|Figure 1: (a and b) Fluoroscopic PA and LAO 60° projection demonstrating the characteristic loop of aberrant right subclavian artery with J tip Terumo wire positioned in ascending aorta. (c and d) Angiographic PA and LAO 60° projection demonstrating complete opacification of common trunk from which both common carotid arteries originates, suggestive of truncus bicaroticus. PA: Antero-posterior, LAO: Left anterior oblique.|
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|Figure 2: (a) Angiographic projection demonstrating complete opacification of left subclavian artery, left vertebral artery and left internal mammary artery. (b) Angiographic projection demonstrating complete opacification of right subclavian artery, right vertebral artery and right internal mammary artery. (c) Computed tomography aortogram showing findings of Truncus Bicaroticus and Arteria Lusoria.|
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| Discussion|| |
With the increasing use of a transradial approach for coronary intervention, incidental detection of arteria Lusoria will be encountered more frequently. It usually originates from the upper portion of the thoracic aorta or as the left-most branch of the aortic arch. It may be associated with truncus bicaroticus, which is a common trunk of bilateral common carotid arteries. Arteria lusoria and truncus bicaroticus are a rare combination of aortic arch anomalies. Aberrant right subclavian artery arises due to involution of the right fourth vascular arch with the proximal right dorsal aorta and the persistence of the right seventh inter-segmental artery, which remains attached to the dorsal aorta. After the rotation of the dorsal aorta, the right seventh inter-segmental artery becomes the aberrant right subclavian artery. The artery crosses the midline between the esophagus and vertebral column to reach the right side. It may remain asymptomatic or cause symptoms by compressing the esophagus and trachea, resulting in dysphagia or hoarseness of voice. Truncus bicaroticus is considered to be a precursor of symptoms wherein truncus compresses the trachea from the front and aberrant right subclavian artery presses the esophagus from behind. Sometimes, the condition may be complicated by the development of an aneurysm in the aberrant artery, which may produce additional symptoms due to the compression of adjacent organs. Klinkhamer stated that truncus bicaroticus is a precondition for tracheal esophageal compression and the development of clinical symptoms because the truncus bicaroticus holds the trachea from the front and the arteria lusoria compresses the esophagus from behind. Aneurysmal dilatation of the aberrant right subclavian artery (Kommerell's diverticulum) can cause thrombosis with resulting arterial embolization to the right upper extremity. Failure to recognize a truncus bicaroticus may lead to a complication during tracheostomy or thyroidectomy. The presence of aberrant right subclavian artery may influence the location of a systemic to pulmonary artery shunt. This anomaly should be considered in the selection of a site for arterial line placement if the need for transesophageal monitoring is also anticipated during surgery. The aberrant vessel may be compressed along its retroesophageal course by the imaging probe, resulting in inaccurate readings.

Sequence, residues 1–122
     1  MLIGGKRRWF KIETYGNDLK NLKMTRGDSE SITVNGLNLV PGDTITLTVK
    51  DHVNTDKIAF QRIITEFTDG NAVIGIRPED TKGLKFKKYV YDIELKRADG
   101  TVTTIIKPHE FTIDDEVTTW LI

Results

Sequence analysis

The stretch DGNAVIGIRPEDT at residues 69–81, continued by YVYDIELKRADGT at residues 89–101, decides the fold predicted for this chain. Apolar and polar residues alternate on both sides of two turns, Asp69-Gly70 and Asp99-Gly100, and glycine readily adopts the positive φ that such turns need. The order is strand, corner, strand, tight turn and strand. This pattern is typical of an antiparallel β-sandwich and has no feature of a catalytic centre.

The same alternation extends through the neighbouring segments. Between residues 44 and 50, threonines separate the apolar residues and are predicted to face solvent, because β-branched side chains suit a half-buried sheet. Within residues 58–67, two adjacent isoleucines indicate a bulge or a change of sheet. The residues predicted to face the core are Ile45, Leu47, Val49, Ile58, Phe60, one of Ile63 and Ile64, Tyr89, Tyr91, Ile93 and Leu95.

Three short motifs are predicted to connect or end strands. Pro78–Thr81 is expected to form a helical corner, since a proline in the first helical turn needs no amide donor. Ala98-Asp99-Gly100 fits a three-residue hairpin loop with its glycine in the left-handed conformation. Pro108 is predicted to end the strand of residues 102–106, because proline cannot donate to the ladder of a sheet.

In our case, though the anomalous combination was diagnosed incidentally and the patient was asymptomatic yet it has important clinical implications, which should be considered. It is very important to recognize these variants as procedures are being performed, and failure to do so may lead to harm for the patient.
Appropriate consent of patient was taken before making the case report. As this is a case report the university guidelines do not require an ethical committee and/or Institutional ethical committee clearance for its scientific publication.
Declaration of patient consent
The authors certify that they have obtained all appropriate patient consent forms. In the form, the patient has given his consent for his images and other clinical information to be reported in the journal. The patient understand that name and initials will not be published and due efforts will be made to conceal identity, but anonymity cannot be guaranteed.
Financial support and sponsorship
Conflicts of interest
There are no conflicts of interest.
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[Figure 1], [Figure 2]